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Instagram can be one of the toughest social media platforms to navigate and use efficiently. I’ve done some research and found some of the biggest mistakes made when creating an Instagram account. With Facebook, you can easily find people with similar interests and join groups. Twitter is more opinion-based.
But Instagram accounts require careful curation and attention to detail if you want to grow your followers. Not only do you have to be aware of the trends and effective practices, but you also have to pay closer attention to the parameters and requirements laid out for the platform.
When I created my account on Instagram and started trying to build my followers, I made quite a few mistakes. I take comfort in the fact that I’m not the only one who has done so. There are some pretty common ones; I’m certainly guilty of more than a few of them.
But don’t worry, because I’m going to explain five of the biggest mistakes made while creating an Instagram account, AND I’m going to give you a few tips on how to avoid those mistakes.
Even though these are in no particular order, I would definitely say that this one is a major error that is constantly made. I think most often it is because people just don’t pay close enough attention, or they don’t have a clear vision in their mind.
The whole point of an Instagram Account is to give instant access to your followers and for them to find you easily. You can’t expect them to do that if you have a different logo or a different name, or even if the messages that you are sharing aren’t on point.
Create a plan
Before you start setting up your Instagram account, create a business plan. You’ll want to include things like branding, logos, mission statement, messaging goals, etc. Once you have those in mind, make sure that you are using them across all platforms. Your followers should be able to find you easily, and your branding should be clear no matter where they see it.
You can have everything in place and have great content, but if you aren’t posting often enough, people won’t be able to find you, and the Instagram algorithms will drop you down in searches. Conversely, if you post too much, you’ll saturate your followers, and they may feel like they are being spammed.
Consistency is key
It is generally accepted practice to post no more than two to three times a week and never more than once a day. You want to keep your followers interested but not overwhelmed. Creating a calendar and setting a cadence or expectation of when you will post will keep your followers coming back.
If you post three times a week, consider posting at the same time on the same days with the same content. For example, Tuesdays can be fitness, Thursdays can be mental health, and Sundays can be motivational.
Once you have the frequency of your posts figured out, the next step is to ensure that you have quality content. It’s easy to get stuck in what you think might be interesting but might not actually mean anything to your followers. Or the content that you are posting has nothing at all to do with your branding or your message.
It has to make sense.
Again, as you are getting established, you need to be able to “read the room” (so to speak) and post content that is going to both engage and interest your followers. Pictures should clearly show the message you are trying to relay and should be cropped accordingly. There is no space for trying to be esoteric and making your followers hunt for the meaning. They’ll just move on.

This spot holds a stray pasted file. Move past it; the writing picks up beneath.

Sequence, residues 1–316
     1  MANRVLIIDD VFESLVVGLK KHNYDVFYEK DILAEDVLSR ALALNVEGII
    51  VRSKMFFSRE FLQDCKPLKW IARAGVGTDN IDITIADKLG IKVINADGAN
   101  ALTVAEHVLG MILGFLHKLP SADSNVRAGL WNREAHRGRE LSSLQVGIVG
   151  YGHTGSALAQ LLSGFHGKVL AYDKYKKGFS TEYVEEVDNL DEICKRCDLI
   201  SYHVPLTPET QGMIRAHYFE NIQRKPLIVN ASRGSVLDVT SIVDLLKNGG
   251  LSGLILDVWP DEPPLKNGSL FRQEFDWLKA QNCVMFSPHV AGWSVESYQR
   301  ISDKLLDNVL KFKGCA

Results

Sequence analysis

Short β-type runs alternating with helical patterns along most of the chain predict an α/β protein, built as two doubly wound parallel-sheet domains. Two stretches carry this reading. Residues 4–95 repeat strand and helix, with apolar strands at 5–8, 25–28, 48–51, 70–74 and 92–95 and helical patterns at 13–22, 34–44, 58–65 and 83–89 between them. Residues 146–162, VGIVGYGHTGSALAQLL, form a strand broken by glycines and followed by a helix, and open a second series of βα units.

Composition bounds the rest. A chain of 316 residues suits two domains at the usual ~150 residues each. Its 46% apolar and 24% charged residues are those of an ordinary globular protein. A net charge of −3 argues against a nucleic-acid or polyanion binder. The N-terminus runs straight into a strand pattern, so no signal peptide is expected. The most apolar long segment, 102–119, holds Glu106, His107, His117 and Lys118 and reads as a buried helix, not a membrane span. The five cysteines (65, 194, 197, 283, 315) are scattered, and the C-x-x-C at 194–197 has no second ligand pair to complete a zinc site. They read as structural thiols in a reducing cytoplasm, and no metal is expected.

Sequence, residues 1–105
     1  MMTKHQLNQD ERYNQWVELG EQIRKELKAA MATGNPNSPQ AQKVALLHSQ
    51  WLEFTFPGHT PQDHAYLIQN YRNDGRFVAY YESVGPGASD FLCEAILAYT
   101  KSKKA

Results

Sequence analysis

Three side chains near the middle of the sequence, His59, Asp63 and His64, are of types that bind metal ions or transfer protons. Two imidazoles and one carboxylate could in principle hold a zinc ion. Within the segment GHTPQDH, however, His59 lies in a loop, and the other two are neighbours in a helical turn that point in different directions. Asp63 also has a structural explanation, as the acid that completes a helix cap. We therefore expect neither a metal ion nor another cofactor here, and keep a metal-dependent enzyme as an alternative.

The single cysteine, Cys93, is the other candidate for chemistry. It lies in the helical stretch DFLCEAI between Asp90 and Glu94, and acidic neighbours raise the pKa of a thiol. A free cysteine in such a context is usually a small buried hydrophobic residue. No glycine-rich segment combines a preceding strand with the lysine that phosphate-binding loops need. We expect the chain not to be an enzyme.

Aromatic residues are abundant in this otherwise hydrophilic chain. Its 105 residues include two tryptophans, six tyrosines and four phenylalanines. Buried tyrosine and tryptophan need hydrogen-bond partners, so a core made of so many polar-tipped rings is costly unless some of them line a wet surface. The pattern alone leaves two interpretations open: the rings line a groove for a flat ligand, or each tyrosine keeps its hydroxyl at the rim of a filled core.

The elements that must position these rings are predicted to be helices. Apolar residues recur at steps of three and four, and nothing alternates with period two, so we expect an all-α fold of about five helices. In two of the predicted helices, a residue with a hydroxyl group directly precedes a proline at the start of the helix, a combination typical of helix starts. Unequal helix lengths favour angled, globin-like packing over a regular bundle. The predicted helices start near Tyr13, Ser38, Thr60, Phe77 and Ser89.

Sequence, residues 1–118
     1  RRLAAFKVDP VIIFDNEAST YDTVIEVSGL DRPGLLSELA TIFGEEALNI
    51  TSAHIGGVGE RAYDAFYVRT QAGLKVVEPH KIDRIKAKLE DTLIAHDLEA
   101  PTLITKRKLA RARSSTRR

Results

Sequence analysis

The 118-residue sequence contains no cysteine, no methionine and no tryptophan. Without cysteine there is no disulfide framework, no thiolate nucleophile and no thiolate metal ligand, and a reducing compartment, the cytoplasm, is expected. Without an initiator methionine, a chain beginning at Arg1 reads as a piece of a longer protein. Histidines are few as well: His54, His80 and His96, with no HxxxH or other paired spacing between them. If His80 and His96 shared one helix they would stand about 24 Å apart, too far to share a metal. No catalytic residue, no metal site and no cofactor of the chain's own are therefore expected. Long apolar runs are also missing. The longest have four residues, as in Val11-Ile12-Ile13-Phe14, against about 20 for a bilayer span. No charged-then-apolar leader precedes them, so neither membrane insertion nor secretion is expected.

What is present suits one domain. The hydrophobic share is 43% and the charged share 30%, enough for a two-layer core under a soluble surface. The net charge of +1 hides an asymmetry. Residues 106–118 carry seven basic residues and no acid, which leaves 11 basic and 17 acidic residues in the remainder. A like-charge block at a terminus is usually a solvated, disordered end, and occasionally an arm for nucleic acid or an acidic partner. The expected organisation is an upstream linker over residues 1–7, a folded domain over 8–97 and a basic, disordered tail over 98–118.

You may have the inclination to just dash off a post without checking it, figuring that people will understand being in a hurry or that mistakes happen. Wrong. Spelling matters. People can forgive punctuation (especially with limited character counts) but spelling errors just show people that you don’t really care – and if you can’t be bothered to fix them, maybe your content isn’t up to par either.
A word about these. When you use them, your post appears on the page for that hashtag, and if someone is following that hashtag, your post can appear in their feed even if they aren’t following you…yet.
If you use too many hashtags, you water down your message and your brand. Plus, nobody wants to read a post that is all hashtags. Do your research and use a mixture of obvious and connected hashtags. Choose correctly, and you could bring in new followers easily.
While all of this talk about content is important, it is simply not enough to just post and coast. You have to engage your followers. This means interaction, responding to comments, and sharing stories (to name a few). Your followers want to be a part of what you are building. Include them in the journey from the beginning and you will soon have loyal “customers” who will help you spread the word.
Do unto others
Only interacting on your own account isn’t enough either. You can have your competition work for you by engaging in their posts as well. Not only can you establish good professional rapport, but you may entice some of their followers to follow you as well. Just don’t go negative to make yourself look better. It will backfire every time.
As you establish your Instagram Account, you will notice several offers to buy likes and followers (i.e., for only x amount, we can promise you 5,000 followers).
Simply put, don’t do it.
It’s not worth it and could ultimately come back to bite you as real people may consider you to be as fake as your follower count. Put that money towards ads, post-boosting, or creating an eye-catching logo. It will be money better spent.
So, there you have it. Five of the biggest mistakes people make when creating an Instagram (plus a bonus one). What they all boil down to is having a consistent message that can be easily found and quality content that continues to engage followers across several interests. Good Luck!
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